[6]  The power to award costs in all proceedings before the Court is conferred by s 43 of the Federal Court of Australia Act 1976 (Cth) (the “Court Act”). There is no need in these reasons to set out the principles governing the exercise of that power. There is no controversy between the parties as to the disposition of the costs of the Federal Court proceedings. Section 43 of the Court Act, however, does not confer power on the Court to make an order as to the costs of a proceeding before the Registrar’s delegate.

[8]  As mentioned, the Court set aside the decision of the Registrar’s delegate. That order had the effect of setting aside the delegate’s decision to order Key Logic to pay Sun-Wizard’s costs of the proceeding before the delegate. Section 88(d) confers power on the Court to vary the delegate’s decision (including in relation to the costs). Section 88(f) confers power on the Court to order a party to pay costs to another party. It may be that the proper construction of s 88(f) (having regard to the role of s 43 of the Court Act in relation to the costs of proceedings in the Court), is that s 88(f) includes the conferral of power in relation to costs incurred by a party in proceedings before the Registrar’s delegate. The scope of s 88(f) might become more relevant in a proceeding where the Registrar’s delegate has made no order as to costs. In these proceedings, the power under s 88(d) to vary the Registrar’s decision (including, in this case, the delegate’s decision to award costs to Sun-Wizard), confers the power to make an order as to the costs of the proceeding before the delegate. For my part, I take the view that s 88(d) of the Act is sufficiently broad to confer a general power to make an order as to the costs of the proceeding before the Registrar’s delegate. That view of the scope of the power is consistent with the view expressed by Jessup J in relation to s 197(d) of the Trade Marks Act 1995 (Cth), which is in the same terms as s 88(d) of the Act, in UCP Gen Pharma AG v Mesoblast, Inc (No 2) [2012] FCA 500 at [3] (“UCP Gen Pharma AG”). The exercise of the power raises another question.

Greenwood J therefore explicitly determined that s.88(d) of the Act bestows the power on the Court to overturn or vary a decision as to costs of a delegate of the Registrar of Designs.  Presumably, it is the equivalent provision of the Trade Marks Act (s. 197(d)) which bestows the power on the Court to overturn or vary a decision as to costs of a delegate of the Registrar of Trade Marks.

As such, it is now made clear by Key Logic v Sun-Wizard No. 2 the source of power for the Court to overturn or vary a costs award made by a delegate of the Registrar of Designs.  However, just because the Court does have the power to overturn or vary such a costs award does not mean that such will occur as a matter of course.  An enquiry must be had into whether the delegate’s decision on costs should not be overturned because the decision made by the delegate was properly made on the basis of the material before the delegate.  In UCP Jessup J refused to interfere with the costs award of the delegate, even though Jessup J decided in favour of the appellant in overturning the delegate’s substantive decision, because the material and evidence that gave rise to the successful appeal was not before the delegate – rather, the appeal proceedings were decided substantially by reference to evidence as to events which post-dated the evidence led before the delegate.  Jessup J went on to say: “None of the facts to which I referred in my reasons of 15 March 2012 after the second sentence in paragraph 21 thereof was mentioned by the delegate; or, I would infer, was relied upon by the applicant before the delegate”.[3]  As such, Jessup J did not hold and did not take the view that the delegate was wrong to have disposed of the matter as he did on the evidence which was before him.[4]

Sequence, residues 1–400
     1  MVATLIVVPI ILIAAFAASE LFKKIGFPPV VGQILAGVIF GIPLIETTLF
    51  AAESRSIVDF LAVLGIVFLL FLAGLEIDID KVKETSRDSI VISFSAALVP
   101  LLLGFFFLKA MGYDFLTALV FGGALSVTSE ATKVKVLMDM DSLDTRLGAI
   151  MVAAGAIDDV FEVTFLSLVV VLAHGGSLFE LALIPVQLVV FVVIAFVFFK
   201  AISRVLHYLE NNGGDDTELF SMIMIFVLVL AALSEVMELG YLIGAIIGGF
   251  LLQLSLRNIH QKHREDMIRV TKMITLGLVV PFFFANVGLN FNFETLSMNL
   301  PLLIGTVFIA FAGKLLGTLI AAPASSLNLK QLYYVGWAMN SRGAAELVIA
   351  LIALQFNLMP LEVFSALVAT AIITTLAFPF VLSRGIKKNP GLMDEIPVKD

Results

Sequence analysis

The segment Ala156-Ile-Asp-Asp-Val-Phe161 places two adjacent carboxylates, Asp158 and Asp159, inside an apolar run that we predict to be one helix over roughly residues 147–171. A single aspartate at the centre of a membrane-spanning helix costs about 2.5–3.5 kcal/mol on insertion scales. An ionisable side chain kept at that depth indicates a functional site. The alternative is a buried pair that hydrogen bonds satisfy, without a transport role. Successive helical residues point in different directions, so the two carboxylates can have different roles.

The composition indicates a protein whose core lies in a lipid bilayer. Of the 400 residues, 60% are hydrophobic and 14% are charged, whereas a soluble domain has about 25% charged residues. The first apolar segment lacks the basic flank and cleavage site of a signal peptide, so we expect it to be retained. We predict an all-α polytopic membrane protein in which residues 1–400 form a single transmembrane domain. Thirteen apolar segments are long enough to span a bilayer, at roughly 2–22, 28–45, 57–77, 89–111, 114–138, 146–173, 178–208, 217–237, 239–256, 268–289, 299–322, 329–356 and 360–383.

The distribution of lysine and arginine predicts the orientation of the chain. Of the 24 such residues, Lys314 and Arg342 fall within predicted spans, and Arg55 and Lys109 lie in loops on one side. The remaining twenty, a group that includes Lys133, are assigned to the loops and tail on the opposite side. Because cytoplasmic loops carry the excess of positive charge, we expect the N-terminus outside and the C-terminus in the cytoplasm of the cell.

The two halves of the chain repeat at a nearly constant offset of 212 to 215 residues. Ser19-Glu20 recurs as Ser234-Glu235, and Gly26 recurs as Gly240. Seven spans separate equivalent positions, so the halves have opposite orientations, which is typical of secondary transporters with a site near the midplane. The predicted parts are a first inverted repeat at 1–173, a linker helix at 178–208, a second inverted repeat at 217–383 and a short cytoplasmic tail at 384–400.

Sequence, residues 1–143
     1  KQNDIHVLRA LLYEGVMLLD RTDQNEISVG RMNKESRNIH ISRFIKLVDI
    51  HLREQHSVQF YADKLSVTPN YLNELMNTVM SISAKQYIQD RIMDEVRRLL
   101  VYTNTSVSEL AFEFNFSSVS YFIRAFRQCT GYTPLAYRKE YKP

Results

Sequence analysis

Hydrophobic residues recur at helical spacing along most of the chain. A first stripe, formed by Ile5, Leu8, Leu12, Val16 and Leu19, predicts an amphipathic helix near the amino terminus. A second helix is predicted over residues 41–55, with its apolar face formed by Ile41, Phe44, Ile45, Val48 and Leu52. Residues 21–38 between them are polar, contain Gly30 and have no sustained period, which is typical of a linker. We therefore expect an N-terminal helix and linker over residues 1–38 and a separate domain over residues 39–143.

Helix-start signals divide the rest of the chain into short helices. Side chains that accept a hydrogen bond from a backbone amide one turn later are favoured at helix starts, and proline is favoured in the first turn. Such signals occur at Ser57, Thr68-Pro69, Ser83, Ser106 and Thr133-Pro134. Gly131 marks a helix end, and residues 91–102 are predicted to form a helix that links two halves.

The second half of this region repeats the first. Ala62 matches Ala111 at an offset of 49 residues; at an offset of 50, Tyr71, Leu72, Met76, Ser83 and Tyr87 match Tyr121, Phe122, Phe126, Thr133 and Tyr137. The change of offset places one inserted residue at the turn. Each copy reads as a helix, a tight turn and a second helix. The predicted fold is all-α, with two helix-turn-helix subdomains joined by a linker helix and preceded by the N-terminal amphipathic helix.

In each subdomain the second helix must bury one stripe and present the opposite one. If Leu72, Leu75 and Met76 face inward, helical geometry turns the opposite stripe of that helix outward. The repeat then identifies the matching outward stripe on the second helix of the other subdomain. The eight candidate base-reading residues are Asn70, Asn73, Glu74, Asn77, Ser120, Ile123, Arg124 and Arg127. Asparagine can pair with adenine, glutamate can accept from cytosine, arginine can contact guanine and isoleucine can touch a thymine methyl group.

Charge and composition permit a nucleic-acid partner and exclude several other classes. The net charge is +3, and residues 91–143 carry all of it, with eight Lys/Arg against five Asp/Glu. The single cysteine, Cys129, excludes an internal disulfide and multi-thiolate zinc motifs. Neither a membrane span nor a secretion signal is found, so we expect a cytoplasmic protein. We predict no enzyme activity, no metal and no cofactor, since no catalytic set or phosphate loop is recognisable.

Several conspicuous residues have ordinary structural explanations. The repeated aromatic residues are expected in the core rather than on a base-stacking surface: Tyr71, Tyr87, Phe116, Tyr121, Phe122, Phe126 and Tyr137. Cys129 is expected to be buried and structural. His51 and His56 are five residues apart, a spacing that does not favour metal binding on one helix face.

Key Logic v Sun-Wizard No. 2 Greenwood J adopted the process followed by Jessup J in UPC so as to make a determination as to whether the delegate’s decision was made on the basis of the same or similar evidence that was before the Court and which evidence was instrumental in the different determination made by the Court.  In Key Logic, Greenwood J found that whilst there was some additional evidence in the form of affidavits, the evidence before him was in respect of the same matters that were before the delegate that were the subject of statutory declarations.[5]  Further, and importantly in Key Logic, Greenwood J noted that the director of Sun-Wizard (who had formerly been a director in the company in which the Design had been developed) had a direct commercial interest in seeking to invalidate the design.  Further, it was noted that findings in respect of certain witnesses of Sun-Wizard and their evidence “suggest that the initial application of the subject of the delegate’s decision was unmeritorious and ought not to have been made”.[6]  For such reasons, His Honour determined that the delegate’s decision as to costs should be overturned and that Sun-Wizard should pay Key Logic’s costs of the proceeding before the delegate.

Addenda

* Bennett & Philp Lawyers acted for Key Logic in the Federal Court proceeding and drew the submissions in respect of costs aspects of the proceeding.

** Perceptive readers may well have already noted that Key Logic v Sun-Wizard No. 2 was handed down on 8 February 2022, some time after Key Logic v Sun-Wizard No. 1 was delivered on 12 March 2021.  Such perhaps matters not in the greater scheme of things, especially when one considers that the priority date in respect of the Design was 7 June 2010 and that design registration protection ceases after a maximum of 10 years, such that the registration of the Design actually ceased (expired) on 7 June 2020 and Key Logic v Sun-Wizard No. 1 was handed down after the registration of the Design had expired.

[1] Michael Coates, “Registered Designs in Australia – The Key Logic v Sun-Wizard Decision” published April 2021.

[2] Ibid.

[3] UPC para. [5].

[4] UPC para. [6].

[5] Key Logic v Sun-Wizard No. 2 para. [17].

[6] Key Logic v Sun-Wizard No. 2 para. [18].

If you would like more information arising out of anything in this article, please contact Michael Coates today.


Individual liability limited by a scheme approved under professional standards legislation (personal injury work exempted).